[Image above] Credit: Saucestream, YouTube
Nothing quite says summer like a good old-fashioned barbecue, and many people will likely fire up their grills this weekend to celebrate the 4th of July in the United States. But along with generating enjoyable summer memories, cookouts can also generate a lot of waste if you rely on single-use plastic and paper products for serving food.
Reusable or compostable utensils and dishes can help you achieve a zero-waste picnic. So can buying condiments such as ketchup in glass bottles, which can be recycled much more effectively than plastic containers.
However, I am the first to acknowledge that shaking ketchup from a glass bottle is cumbersome compared to squeezing a plastic bottle. That is because ketchup is a non-Newtonian fluid, meaning its viscosity is dependent on shear rate. Thus, you must hit a pressure sweet spot to get ketchup flowing from the bottle, which is hard to do when the bottle is rigid glass rather than squishable plastic.
While you could experiment with shaking the bottle until you find its sweet spot, two entrepreneurs in the United Kingdom recently proposed a way to give glass bottles the squeezability factor.
Peter Neath and Ian Worton are engineers with a background in the motor trade. As lifelong barbecue fanatics, these two friends developed and patented a unique open bar grill system called Grillstream in the mid-2000s that prevents fat and oil from dripping onto a grill’s heat source.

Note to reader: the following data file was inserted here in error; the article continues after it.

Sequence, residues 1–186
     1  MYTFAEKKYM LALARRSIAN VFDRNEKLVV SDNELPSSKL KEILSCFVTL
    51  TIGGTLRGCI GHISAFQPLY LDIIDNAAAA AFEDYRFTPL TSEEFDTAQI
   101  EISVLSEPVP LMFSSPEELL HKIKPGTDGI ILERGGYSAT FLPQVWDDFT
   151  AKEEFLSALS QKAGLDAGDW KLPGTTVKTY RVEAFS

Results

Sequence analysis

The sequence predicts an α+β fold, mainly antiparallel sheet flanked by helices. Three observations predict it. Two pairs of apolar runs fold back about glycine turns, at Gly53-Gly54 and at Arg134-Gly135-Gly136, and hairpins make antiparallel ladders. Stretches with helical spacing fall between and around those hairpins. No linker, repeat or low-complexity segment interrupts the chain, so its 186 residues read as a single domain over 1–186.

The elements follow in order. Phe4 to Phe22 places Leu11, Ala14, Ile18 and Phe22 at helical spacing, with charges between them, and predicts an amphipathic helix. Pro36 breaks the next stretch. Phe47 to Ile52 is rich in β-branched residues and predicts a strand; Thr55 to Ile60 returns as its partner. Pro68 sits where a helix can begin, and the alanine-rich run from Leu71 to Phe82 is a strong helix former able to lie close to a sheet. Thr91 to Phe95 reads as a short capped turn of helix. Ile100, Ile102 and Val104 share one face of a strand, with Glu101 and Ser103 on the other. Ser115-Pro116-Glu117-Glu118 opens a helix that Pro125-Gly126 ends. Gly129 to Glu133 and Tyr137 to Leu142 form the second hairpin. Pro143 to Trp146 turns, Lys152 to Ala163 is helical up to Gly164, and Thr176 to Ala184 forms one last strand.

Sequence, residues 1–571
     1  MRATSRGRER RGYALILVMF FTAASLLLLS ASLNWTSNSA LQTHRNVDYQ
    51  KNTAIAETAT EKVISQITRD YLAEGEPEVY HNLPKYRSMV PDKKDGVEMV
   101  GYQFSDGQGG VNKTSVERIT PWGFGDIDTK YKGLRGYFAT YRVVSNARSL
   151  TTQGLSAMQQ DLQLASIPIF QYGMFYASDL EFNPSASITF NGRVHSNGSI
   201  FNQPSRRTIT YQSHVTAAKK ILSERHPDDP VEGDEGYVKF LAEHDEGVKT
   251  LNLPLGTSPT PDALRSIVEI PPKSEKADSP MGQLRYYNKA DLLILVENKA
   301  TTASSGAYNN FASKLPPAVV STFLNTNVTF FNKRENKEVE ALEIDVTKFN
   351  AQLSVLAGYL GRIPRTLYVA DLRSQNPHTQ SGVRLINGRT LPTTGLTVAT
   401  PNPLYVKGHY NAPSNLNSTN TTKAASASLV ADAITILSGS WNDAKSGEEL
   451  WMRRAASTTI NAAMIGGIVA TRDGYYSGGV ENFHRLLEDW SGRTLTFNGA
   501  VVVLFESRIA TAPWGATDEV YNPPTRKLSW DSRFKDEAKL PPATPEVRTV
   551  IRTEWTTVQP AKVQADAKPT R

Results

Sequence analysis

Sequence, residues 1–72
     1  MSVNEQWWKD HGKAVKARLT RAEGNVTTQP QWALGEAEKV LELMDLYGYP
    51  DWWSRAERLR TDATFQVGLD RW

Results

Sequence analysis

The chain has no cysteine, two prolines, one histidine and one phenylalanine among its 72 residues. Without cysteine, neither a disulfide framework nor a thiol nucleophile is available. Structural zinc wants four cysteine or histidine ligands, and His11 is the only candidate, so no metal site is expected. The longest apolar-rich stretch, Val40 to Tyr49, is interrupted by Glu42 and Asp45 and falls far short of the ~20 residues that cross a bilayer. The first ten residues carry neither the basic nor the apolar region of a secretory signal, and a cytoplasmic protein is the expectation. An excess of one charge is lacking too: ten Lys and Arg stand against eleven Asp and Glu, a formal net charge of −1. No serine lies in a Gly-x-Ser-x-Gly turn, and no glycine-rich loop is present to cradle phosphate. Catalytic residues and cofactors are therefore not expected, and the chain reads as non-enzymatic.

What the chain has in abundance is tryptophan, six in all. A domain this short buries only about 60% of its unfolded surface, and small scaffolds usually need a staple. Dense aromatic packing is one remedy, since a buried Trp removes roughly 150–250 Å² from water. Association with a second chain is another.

In 2009, Neath and Worton appeared on the British business reality television series Dragons’ Den, similar to the American series Shark Tank, to pitch their technology to established venture capitalists. Though they did not secure any deals on the show, the show generated interest that led to them successfully licensing Grillstream to several manufacturers worldwide.
This March, Neath and Worton returned to the Dragons’ Den for a second time to pitch a new device that aims to overcome the ketchup-stuck-in-glass conundrum. Called Saucestream, these silicon rubber squeezers attach to the end of glass bottles and allow you to squeeze out the contents much like a plastic bottle. The squeezers come in several shapes to match various name-brand ketchup and sauce glass bottles.
Unlike their initial appearance on Dragons’ Dean, this time Neath and Worton walked away with a successful deal for the Saucestream squeezers—leading, hopefully, to less plastic waste and more squeezers appearing in restaurants near you!